A latex fluorocarbon elastomer is used in the present invention. Latex as used herein refers to a water-based stabilized dispersion of an elastomeric compound. Latex also refers to an essentially aqueous medium (i.e., including only relatively small amounts, for example up to about 10 percent, of solvent). Such a small amount of solvent may be needed to act as a coalescing agent for the elastomer particles to flow together and form a uniform continuous layer. Examples of suitable latex fluorocarbon elastomers include fluorocarbon elastomers such as copolymers of vinylidene fluoride and hexafluoropropylene; terpolymers of vinylidene fluoride, hexafluoropropylene and tetrafluoroethylene; and tetrapolymers of vinylidene fluoride, hexafluoropropylene and tetrafluoroethylene and a cure site monomer. Examples of suitable cure site monomers include 4-bromoperfluorobutene-1; 1,1-dihydro-4-bromoperfluorobutene-1; 3-bromoperfluoropropene-1; 1,1-dihydro-3-bromoperfluoropropene-1; or any other suitable, known cure site monomer commercially available from DuPont or other supplier. Other suitable fluoroelastomers include polymers of perfluoroalkoxy monomers, fluorinated propylene monomers, tetrafluoroethylene monomers, and mixtures thereof. It is preferred that the latex fluoroelastomers have a fluorine content of from about 50 to about 80, and preferably from about 68 to about 70 percent by weight based on the weight of total fluoroelastomer. Specific latex fluoroelastomers are manufactured and are commercially available from Ausimont of Morristown, N.J. A particularly preferred latex fluoroelastomer is TECNOFLON® TN (having 70% solids by weight), available from Ausimont of Morristown, N.J. Other preferred latex fluoroelastomers include FLUOROLAST® WB available from Lauren International, Inc. of New Philadelphia, Ohio as a one-component, curable, pre-catalyzed composition at about 65 weight percent solids.
The solids content of the final latex fluoroelastomer of a coating for a xerographic component is from about 10 to about 70 weight percent, preferably from about 50 to about 60 weight percent. The fluorocarbon elastomer is present in an amount of from about 60 to about 99 percent by weight based on the weight of total solids in the latex. Such fluoroelastomer content can be readily obtained by concentration or dilution. When desired, the latex fluoroelastomer may contain any conventional additive such as a pigment, an acid acceptor or a filler in addition to the fluoroelastomer.
The latex fluoroelastomer of the present invention may be crosslinked with an amino siloxane and either a bi- or multi-functional amino silane. Bifunctional as used herein refers to an amino siloxane with two amino groups and multifunctional as used herein refers to an amino siloxane with more than one amino group. Multifunctional as used herein encompasses both bifunctional and multifunctional. The details a fluoroelastomer crosslinked with an amino silane as a latex fluoroelastomer material are set forth in Attorney Docket No. D/96120, U.S. application Ser. No. 08/694,121, the subject matter of which has been discussed and incorporated by reference above.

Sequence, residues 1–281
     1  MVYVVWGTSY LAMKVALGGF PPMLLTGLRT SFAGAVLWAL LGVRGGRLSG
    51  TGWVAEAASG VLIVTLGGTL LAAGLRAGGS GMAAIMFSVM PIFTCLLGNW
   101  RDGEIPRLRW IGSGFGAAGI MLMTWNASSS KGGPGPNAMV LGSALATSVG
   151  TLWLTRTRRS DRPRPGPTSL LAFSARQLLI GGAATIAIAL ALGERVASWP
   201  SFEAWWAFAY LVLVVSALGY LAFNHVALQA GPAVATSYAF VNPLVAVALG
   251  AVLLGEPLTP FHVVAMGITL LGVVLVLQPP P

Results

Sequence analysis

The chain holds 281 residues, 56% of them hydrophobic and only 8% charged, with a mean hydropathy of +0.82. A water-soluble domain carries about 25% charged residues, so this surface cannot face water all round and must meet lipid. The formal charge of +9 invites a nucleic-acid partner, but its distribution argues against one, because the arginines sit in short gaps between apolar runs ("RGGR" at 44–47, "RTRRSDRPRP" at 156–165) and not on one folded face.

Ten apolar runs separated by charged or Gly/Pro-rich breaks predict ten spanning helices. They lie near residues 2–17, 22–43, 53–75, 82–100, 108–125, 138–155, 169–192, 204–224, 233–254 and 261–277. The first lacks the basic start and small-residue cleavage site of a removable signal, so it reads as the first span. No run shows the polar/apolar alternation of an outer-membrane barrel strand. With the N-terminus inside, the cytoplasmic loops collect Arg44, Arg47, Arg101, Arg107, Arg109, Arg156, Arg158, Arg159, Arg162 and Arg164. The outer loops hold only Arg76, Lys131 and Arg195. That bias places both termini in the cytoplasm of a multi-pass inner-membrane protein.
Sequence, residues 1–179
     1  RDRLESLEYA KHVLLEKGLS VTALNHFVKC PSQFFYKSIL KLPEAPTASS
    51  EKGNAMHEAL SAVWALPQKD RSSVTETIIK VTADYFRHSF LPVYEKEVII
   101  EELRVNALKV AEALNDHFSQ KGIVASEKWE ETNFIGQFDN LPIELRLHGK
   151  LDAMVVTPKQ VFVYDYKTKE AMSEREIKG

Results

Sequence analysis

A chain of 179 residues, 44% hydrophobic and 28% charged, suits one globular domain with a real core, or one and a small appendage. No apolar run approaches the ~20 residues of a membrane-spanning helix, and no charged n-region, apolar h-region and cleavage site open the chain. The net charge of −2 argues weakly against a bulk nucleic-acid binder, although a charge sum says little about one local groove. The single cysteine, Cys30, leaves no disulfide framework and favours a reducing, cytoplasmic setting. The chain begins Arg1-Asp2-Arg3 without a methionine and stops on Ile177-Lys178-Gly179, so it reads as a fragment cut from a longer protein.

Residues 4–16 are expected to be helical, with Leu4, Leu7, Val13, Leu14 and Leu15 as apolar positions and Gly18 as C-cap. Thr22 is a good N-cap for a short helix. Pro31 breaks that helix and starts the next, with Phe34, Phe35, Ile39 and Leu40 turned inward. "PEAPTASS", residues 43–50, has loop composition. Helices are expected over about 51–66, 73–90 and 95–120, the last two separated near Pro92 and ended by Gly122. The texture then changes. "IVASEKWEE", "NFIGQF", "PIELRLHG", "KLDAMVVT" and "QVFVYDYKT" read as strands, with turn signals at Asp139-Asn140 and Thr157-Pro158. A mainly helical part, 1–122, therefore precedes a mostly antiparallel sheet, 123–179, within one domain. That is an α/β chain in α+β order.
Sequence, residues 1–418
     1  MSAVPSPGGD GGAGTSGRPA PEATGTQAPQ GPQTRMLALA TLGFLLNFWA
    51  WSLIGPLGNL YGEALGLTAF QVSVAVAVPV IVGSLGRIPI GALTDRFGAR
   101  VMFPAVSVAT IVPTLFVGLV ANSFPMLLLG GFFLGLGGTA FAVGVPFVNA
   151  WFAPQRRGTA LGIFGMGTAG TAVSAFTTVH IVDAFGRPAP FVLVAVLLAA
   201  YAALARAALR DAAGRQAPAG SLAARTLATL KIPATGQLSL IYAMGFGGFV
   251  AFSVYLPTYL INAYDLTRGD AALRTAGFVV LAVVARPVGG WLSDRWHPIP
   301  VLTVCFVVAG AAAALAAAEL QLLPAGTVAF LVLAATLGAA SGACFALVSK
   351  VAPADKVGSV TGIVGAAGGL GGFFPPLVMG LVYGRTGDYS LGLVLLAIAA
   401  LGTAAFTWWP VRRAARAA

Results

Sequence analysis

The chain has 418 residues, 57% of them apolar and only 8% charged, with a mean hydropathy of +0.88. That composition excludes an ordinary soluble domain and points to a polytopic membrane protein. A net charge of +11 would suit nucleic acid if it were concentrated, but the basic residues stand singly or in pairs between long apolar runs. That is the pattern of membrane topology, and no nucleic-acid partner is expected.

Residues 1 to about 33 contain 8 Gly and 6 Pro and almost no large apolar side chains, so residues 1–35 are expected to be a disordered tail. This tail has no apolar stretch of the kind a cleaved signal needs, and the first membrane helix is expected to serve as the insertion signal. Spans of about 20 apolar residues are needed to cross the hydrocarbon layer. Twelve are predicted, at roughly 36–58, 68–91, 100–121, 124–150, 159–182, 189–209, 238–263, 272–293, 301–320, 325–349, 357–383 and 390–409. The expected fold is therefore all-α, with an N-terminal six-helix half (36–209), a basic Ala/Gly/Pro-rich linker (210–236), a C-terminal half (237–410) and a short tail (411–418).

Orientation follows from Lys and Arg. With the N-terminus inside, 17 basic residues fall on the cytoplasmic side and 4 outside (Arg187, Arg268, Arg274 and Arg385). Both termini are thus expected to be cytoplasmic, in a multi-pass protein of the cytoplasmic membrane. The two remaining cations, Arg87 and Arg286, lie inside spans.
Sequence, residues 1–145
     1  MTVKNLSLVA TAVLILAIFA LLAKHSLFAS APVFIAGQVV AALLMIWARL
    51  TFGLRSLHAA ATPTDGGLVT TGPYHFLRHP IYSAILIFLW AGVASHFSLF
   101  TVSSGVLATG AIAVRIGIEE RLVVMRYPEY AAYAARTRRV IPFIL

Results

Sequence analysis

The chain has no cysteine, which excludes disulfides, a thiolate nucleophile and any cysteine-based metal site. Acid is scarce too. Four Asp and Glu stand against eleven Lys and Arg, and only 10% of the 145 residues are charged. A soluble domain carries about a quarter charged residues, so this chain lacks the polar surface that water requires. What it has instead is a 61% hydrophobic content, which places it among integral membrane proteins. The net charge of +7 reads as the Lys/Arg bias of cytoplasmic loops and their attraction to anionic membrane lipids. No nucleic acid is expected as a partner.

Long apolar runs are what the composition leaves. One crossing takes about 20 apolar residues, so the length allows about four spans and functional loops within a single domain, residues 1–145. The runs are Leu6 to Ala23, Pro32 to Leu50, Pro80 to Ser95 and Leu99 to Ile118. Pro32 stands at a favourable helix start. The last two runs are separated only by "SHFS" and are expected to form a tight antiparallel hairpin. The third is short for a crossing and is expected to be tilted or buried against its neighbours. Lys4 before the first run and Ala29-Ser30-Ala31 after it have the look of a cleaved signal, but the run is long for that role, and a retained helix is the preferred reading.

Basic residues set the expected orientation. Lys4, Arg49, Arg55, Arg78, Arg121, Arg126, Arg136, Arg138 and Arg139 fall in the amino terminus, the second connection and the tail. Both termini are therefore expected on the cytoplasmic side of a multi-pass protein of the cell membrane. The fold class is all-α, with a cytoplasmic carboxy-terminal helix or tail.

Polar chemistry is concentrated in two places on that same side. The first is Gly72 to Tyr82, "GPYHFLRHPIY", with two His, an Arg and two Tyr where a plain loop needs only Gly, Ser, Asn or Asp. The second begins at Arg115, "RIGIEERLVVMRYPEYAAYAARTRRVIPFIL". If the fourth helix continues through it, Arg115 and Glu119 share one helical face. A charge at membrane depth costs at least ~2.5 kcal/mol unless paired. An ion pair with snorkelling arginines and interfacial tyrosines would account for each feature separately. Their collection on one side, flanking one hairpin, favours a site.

An acid acceptor or dehydrofluorinating agent can be added to an emulsifier or surfactant and water in the method for preparing the surfaces of the present invention. As the acid acceptor, it is preferred to use metal oxides and hydroxides, for example, those with a relatively low pH of from about 5 to about 8. Examples of suitable metal oxides and hydroxides include magnesium oxide, calcium hydroxide and zinc oxide. The particularly preferred metal oxide is zinc oxide. Another class of suitable acid acceptors is amines. Examples of suitable amines include diamines, aliphatic and aromatic amines, where the aromatic groups may be benzene, toluene, naphthalene, anthracene, and the like. Specific examples of amines or their Schiff base derivatives include N,N'-dicinnamylidene-1.6 hexanediamine (from about 2.5 to about 5 parts per hundred polymer) available under the tradename TECNOFLON TECNOCIN-A®; hexamethylenediamine carbamate (from about 1 to about 3 parts per hundred polymer) available under the tradename TECNOFLON TECNOCIN-B®; and triethylene tetramine or TETA (from about 1 to about 3 parts per hundred). The metal oxide acid acceptor is added in an amount of from about 2 to about 20 parts per hundred fluorocarbon elastomer, and preferred is from about 8 to about 15 parts per hundred fluorocarbon elastomer. The amine as the acid acceptor can be added in an amount of from about 0.5 to about 5 parts per hundred fluorocarbon elastomer, and preferably from about 1 to about 3 parts per hundred fluorocarbon elastomer. The diaminosiloxane can be added in an amount of about 10 to about 20 parts per hundred fluoroelastomer.